Everyone must have known, since the moment they read the script, that this film was going to be a little bit nonsense. But they don’t fuck around with their performances, especially Oldman who is chewing the scenery at every given opportunity.
Zorg: I don’t like warriors. Too narrow-minded, no subtlety. And worse, they fight for hopeless causes. Honor? Huh! Honor’s killed millions of people, it hasn’t saved a single one.
If you’ve read my previous article, you’ll be aware that I put entirely too much stock in the 20-min/60-min rule of pacing. It’s just a good litmus test to know if the story-teller knows what they’re doing and if they care about the audience. At 20 minutes we have Cornelius explaining to the President (Lister) that the planet sized void is there to destroy everything. The 60 minute mark has Dallas being forced to accept the mission. Great pacing. That feeling you get when you’re watching a movie and you think it’s dragging, that’s all down to those major plot points being off by as little as five minutes.
Priest Vito Cornelius: Because it is evil, absolutely evil.
President Lindberg: One more reason to shoot first.
Priest Vito Cornelius: Evil begets evil, Mr. President. Shooting will only make it stronger.
The first climax of the film is the seminal opera scene with pipe-head lady belting out an aria as the backing to super-weapon Leeloo fighting off attackers. While the fight itself is fairly lacklustre, the performance of the song is so fantastic that you’ll barely even notice it’s a couple of slaps and a cart-wheel. But the whole set piece leads us nicely in to the classic Willis last half-hour trope of “there’s bad guys everywhere, lets shoot them all”. It’s just good fun.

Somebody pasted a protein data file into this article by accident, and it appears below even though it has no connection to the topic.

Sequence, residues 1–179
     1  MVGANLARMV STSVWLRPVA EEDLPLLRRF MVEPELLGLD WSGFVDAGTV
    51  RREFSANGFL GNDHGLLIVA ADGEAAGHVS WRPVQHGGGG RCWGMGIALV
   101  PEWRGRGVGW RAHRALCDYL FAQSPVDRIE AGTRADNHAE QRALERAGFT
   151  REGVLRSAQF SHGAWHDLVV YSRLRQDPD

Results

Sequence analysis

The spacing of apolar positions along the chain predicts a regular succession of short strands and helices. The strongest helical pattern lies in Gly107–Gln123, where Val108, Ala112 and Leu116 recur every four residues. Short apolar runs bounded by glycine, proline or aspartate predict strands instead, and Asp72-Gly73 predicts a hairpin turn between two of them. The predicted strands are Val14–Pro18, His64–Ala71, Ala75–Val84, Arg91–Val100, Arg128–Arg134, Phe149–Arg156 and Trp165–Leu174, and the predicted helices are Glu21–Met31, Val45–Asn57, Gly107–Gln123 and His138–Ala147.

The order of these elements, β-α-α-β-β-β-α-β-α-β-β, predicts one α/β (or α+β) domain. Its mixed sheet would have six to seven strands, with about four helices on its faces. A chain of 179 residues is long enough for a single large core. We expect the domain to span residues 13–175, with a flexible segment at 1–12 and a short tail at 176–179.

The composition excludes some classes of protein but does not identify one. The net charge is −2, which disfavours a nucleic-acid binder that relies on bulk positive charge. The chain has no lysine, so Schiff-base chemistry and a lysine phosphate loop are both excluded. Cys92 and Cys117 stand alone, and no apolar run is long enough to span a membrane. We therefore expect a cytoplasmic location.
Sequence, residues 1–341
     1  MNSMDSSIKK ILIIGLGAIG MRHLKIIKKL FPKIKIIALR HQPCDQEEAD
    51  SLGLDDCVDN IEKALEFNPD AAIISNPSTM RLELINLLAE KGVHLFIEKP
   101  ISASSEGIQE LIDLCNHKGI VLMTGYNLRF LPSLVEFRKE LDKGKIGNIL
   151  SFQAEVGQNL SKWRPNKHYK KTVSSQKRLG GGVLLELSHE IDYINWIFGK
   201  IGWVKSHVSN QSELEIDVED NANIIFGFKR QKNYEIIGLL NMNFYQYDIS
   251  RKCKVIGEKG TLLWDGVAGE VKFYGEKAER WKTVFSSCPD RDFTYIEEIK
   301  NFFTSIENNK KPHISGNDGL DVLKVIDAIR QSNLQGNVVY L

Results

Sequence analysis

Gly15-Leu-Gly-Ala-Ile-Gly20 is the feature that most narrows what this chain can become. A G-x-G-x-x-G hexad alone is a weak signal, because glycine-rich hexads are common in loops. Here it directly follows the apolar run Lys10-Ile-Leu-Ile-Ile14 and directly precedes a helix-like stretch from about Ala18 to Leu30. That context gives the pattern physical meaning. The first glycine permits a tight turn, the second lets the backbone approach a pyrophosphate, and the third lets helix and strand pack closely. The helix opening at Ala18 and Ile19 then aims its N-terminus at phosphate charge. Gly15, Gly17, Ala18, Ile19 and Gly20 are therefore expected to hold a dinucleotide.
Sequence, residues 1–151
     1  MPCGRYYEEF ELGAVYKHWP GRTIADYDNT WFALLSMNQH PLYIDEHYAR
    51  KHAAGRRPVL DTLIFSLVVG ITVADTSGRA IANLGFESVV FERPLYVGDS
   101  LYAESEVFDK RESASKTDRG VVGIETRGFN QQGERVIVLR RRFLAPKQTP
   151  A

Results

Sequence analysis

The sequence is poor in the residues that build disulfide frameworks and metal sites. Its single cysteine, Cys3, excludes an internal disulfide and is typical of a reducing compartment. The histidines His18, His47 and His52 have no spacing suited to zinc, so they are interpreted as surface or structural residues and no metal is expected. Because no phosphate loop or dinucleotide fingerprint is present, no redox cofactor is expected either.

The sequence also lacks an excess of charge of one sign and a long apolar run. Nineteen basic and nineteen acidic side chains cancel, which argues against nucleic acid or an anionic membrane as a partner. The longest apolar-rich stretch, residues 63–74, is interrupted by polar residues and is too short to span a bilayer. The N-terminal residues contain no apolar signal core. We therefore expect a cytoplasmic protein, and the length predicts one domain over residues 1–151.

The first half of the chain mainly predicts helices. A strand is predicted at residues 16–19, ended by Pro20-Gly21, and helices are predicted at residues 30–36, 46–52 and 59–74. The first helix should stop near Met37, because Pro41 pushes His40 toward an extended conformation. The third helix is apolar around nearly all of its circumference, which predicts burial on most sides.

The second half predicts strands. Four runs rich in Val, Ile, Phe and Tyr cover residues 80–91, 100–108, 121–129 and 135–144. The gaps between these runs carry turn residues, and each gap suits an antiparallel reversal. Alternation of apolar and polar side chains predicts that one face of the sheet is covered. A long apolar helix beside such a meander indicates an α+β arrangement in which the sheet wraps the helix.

Adventure Sci-fi can be extremely tricky to get right, and most of it doesn’t hold up primarily due to effects, I’m thinking of The Last Starfighter (1984), but this movie manages to fit so much in and still look and feel great after 20 years. Like 2015’s Jupiter Ascending this was originally conceived as three stories. With that in mind it’s crazy to try and work out how they got it so wrong with clunky unnecessary over-explanation, when the formula has already been cracked by Luc Besson.
Korben Dallas: What’s your name?
Leeloo: Leeloo Minai Lekarariba-Laminai-Tchai Ekbat De Sebat.
This is Die Hard with a Vengeance (1995) era Willis. He’s had a decade making films, everyone knows who he is and what he does. In essence this is him at his most Bruce Willis. So if you’re not a fan then you probably won’t like it. And while Chris Tucker is in less than the last half of the film, he is incredibly Chris Tucker-y. Personally I think he does an excellent job at comic relief in an already comical movie, but am aware that a lot of people find him quite grating. It’s hard to decide if Prince would have played the role any better, as he was the first choice.
In summation, I love The Fifth Element. It’s a great fun adventure film that I could watch anytime, with anyone. And re-watching it now has giving me great hope for Besson’s upcoming Valerian and the City of a Thousand Planets.
And I honestly have no idea what that smug prick Gervais thinks he’s doing. From now on I’m going to work non-stop to become a world-famous entertainer so that one day I might get the opportunity to welcome him on to a stage by reading out his movie credits in a mocking tone, and then point out that he’s never even fucked Demi Moore once.
Don’t worry Bruce, I’ve got your back.